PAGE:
Gently remove any calluses with a pumice stone.

When finished, dry your feet completely. Rub some lotion to keep the skin soft.

5. Cut Toenails Straight Across

While this tip applies to everyone, it is especially important to those with diabetes. Always cut your toenails straight across. This helps avoid painful ingrown toenails.

Avoid cutting your toenails too short. If you have trouble cutting your own toenails, ask a loved one for help.

Get Started with Basic Foot Care

With these five tips, you are ready to start taking excellent care of your feet. Preventative care will help you avoid serious complications down the road.

If you are ready to get a better handle on your foot care or have some questions, schedule an appointment with us today.

4 Diabetes Products to Help Relieve Your Foot Pain

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4 Diabetes Products to Help Relieve Your Foot Pain

As a diabetic, you have to be constantly mindful of what you put into your body. And, if you have some form of neuropathy, you need to stay on top of managing your symptoms. 

You’re not alone in managing neuropathy. About 60-70% of diabetics have some form of neuropathy according to the National Institute of Diabetes and Digestive and Kidney Diseases. 

If you have peripheral neuropathy, you likely have pain in your fingers, legs, and feet. You can usually manage the pain by getting your diet under control, exercising, and quitting smoking. 

But, there are some days when even naturally managing your diabetic foot pain isn’t enough. On those days, you need diabetes products to help relieve your foot pain.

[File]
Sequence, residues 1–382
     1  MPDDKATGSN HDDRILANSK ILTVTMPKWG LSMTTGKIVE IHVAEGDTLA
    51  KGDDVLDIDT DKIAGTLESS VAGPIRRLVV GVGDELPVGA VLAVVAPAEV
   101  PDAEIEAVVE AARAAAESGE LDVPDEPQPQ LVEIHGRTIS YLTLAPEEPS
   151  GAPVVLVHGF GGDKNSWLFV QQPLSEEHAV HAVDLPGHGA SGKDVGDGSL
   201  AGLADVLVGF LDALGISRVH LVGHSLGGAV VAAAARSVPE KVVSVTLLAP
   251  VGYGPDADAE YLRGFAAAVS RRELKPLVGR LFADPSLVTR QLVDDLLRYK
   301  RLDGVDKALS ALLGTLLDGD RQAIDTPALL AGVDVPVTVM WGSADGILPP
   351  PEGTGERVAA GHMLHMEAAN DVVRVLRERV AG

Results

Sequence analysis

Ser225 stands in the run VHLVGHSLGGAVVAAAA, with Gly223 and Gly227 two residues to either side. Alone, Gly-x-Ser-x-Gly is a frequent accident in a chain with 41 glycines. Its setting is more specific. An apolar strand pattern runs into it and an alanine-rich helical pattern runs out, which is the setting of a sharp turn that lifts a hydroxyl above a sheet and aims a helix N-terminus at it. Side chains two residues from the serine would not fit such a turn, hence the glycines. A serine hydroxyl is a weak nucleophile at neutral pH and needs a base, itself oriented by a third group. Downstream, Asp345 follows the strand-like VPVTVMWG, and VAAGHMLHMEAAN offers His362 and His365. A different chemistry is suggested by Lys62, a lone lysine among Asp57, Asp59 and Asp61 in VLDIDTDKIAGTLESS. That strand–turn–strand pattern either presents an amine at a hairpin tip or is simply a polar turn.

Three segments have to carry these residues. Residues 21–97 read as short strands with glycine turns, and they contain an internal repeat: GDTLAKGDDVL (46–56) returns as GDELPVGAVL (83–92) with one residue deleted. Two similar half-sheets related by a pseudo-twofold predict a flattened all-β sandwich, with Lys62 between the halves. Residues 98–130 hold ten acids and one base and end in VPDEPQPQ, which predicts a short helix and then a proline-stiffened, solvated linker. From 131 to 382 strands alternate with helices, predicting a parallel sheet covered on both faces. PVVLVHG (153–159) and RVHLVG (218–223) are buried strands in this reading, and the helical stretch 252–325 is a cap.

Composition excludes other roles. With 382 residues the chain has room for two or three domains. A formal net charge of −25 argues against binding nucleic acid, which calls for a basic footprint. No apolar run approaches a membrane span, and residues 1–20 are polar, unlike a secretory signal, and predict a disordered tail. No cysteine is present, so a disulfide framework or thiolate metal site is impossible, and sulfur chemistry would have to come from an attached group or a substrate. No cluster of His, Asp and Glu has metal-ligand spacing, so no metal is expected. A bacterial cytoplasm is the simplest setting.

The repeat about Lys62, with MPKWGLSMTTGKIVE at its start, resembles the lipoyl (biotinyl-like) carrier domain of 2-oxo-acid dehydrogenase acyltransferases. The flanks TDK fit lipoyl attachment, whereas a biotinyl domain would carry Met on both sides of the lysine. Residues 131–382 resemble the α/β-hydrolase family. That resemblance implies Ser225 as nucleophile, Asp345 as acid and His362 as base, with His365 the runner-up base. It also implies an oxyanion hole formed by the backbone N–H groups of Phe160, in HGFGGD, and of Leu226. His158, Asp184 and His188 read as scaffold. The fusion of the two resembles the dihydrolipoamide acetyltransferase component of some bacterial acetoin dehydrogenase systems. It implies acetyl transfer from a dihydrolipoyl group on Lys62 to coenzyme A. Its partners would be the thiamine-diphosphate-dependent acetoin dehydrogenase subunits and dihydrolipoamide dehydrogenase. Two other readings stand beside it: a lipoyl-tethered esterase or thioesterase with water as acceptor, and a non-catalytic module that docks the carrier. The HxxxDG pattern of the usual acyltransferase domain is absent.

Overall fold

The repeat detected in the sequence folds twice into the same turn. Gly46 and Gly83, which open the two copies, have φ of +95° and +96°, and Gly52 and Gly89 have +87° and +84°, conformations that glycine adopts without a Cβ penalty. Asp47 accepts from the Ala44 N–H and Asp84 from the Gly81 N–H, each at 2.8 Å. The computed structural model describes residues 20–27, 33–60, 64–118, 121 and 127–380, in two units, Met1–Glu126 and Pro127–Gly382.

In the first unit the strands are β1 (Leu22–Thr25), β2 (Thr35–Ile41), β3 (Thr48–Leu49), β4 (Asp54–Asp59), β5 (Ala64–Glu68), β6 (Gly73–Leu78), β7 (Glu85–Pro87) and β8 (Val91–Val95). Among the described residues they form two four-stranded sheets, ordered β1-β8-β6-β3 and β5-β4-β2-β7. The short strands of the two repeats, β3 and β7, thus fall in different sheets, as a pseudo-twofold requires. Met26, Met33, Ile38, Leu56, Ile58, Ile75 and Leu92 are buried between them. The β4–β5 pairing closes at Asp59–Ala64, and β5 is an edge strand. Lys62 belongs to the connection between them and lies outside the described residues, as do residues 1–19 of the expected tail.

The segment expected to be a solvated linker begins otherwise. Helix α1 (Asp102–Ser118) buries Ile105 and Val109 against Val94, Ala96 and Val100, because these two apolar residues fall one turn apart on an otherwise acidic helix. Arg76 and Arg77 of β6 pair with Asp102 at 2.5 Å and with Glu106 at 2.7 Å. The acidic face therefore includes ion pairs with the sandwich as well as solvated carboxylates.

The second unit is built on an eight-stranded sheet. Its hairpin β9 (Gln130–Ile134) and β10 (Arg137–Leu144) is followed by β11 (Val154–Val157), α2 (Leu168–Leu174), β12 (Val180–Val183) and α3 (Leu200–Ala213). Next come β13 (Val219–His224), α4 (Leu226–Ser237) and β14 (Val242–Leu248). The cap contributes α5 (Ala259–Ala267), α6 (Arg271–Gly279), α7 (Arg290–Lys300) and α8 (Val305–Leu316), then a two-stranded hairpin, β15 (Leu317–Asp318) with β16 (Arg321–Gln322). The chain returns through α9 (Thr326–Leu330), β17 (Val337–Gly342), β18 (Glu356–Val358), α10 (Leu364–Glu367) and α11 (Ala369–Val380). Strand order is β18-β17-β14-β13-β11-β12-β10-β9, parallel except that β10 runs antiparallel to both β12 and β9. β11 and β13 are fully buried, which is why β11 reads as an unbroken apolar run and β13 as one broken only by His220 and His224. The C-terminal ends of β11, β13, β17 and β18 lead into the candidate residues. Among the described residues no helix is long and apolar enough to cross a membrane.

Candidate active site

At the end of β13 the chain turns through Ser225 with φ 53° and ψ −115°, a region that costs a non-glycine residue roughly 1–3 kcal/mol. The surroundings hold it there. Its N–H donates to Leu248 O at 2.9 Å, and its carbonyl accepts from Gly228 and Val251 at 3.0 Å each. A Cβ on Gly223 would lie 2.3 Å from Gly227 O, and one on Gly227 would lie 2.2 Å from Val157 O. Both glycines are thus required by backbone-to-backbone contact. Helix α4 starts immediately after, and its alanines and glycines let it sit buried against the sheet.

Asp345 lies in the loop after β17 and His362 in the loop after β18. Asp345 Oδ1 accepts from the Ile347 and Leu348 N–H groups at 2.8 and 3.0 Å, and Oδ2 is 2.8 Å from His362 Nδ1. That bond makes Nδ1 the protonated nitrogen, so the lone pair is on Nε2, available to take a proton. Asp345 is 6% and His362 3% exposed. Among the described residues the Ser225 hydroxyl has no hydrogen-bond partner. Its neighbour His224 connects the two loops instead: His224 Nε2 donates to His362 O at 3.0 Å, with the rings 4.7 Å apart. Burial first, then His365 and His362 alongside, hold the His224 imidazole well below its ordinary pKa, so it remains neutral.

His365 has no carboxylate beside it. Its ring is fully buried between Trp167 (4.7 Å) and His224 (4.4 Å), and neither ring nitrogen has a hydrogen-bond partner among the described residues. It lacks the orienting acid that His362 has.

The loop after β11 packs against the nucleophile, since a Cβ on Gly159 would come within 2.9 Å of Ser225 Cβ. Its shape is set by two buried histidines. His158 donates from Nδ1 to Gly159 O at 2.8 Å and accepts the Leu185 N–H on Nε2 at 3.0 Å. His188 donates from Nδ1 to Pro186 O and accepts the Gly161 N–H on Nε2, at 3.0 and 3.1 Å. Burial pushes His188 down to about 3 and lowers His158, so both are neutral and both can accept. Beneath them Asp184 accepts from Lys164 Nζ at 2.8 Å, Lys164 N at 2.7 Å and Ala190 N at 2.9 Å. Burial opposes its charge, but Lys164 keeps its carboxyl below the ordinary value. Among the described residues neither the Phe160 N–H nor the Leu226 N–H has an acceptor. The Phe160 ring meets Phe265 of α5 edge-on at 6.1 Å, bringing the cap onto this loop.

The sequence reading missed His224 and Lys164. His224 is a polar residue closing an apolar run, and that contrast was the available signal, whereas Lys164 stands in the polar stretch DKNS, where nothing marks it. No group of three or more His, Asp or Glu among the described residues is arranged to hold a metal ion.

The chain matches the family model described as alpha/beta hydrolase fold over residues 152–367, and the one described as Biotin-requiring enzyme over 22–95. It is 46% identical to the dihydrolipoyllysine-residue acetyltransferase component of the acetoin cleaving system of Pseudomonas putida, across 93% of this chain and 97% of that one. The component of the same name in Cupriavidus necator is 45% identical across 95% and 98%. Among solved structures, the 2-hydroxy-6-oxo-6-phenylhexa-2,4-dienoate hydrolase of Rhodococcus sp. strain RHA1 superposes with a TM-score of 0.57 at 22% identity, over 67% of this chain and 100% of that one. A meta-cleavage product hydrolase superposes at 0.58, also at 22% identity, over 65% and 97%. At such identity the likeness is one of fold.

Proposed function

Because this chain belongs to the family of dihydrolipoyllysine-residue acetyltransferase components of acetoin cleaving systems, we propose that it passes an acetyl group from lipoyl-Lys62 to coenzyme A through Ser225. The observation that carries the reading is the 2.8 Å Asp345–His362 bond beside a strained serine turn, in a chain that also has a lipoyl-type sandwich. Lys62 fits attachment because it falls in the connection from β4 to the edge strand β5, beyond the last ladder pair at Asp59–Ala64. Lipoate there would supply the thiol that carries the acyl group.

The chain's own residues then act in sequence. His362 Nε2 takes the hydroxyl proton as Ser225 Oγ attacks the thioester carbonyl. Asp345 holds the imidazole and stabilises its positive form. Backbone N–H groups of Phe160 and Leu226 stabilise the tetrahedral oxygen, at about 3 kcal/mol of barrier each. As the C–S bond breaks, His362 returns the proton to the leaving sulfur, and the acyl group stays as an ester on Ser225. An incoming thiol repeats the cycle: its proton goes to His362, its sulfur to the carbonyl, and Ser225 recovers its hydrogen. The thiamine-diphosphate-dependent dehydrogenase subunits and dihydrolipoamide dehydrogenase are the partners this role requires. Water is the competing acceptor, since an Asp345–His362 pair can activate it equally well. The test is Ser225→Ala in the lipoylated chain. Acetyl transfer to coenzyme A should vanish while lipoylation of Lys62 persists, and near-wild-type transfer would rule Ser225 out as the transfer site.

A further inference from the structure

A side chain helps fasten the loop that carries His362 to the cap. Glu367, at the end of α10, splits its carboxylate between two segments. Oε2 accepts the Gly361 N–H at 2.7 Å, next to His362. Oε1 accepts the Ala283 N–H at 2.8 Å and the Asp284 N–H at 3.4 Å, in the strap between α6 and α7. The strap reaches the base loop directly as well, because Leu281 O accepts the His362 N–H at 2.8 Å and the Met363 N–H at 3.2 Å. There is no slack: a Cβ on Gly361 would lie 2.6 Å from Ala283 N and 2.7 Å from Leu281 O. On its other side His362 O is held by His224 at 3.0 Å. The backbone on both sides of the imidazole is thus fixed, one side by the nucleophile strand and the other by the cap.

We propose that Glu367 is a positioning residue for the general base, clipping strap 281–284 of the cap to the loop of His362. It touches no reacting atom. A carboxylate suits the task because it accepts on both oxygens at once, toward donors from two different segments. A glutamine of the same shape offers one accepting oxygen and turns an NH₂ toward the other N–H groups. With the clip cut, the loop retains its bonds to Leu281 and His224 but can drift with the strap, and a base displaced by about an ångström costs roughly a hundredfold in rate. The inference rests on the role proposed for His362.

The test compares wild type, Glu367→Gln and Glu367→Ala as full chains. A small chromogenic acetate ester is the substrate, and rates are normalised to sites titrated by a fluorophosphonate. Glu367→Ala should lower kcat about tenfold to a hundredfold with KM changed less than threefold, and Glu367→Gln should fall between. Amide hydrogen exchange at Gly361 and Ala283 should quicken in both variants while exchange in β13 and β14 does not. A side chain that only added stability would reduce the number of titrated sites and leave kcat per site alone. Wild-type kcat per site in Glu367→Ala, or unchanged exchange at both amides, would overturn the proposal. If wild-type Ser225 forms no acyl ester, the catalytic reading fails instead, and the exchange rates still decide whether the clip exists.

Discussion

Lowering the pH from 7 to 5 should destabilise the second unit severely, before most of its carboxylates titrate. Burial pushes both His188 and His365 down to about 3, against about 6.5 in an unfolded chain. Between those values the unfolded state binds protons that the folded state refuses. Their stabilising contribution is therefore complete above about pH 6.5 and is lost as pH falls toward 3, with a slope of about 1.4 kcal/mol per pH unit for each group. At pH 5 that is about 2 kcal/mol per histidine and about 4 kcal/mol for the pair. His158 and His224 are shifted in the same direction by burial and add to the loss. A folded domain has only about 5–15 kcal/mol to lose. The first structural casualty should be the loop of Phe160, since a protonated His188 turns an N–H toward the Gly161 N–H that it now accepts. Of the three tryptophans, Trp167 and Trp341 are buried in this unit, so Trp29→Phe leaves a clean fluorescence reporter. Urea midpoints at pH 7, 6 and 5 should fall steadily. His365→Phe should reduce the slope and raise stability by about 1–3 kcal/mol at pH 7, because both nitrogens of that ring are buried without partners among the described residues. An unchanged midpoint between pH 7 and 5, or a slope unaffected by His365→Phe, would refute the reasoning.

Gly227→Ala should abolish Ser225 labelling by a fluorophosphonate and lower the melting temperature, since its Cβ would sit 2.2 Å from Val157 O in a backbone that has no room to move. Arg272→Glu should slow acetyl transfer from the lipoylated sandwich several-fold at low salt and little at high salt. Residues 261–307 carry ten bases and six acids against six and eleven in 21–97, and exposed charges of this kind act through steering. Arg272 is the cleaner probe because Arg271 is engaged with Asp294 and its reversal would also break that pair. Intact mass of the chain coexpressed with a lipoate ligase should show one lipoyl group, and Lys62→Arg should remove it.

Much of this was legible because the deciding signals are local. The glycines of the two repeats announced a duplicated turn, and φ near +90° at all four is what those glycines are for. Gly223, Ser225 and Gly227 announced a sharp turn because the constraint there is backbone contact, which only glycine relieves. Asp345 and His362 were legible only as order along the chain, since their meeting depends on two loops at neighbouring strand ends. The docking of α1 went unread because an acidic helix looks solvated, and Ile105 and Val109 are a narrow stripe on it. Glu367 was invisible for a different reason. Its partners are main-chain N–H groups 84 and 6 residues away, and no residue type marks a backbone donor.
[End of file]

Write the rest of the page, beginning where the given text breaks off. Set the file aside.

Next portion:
Here are some products to help treat your foot pain.

Diabetic Shoes

When you have peripheral neuropathy, you should avoid walking around barefoot. The risk is too great that you will open a new wound on your foot and not realize it.

Diabetic socks are made of anti-bacterial fibers which are designed to wick away moisture from your feet. They also help reduce rubbing and irritation which can cause blisters.

Diabetic shoes and insoles mold to your feet to provide exactly the right support. Having the right shoes reduces pinching which can lead to foot ulcers.

Compression Socks and Stockings

Diabetic foot pain is caused largely by the weakening of the veins in your legs. The vein walls become too loose to let blood circulate back up your legs, so unoxygenated blood pools in your feet. 

Compression socks and stockings put a slight pressure on your legs, and by extension, your veins, to give them the support they need to carry blood from your feet to your lungs.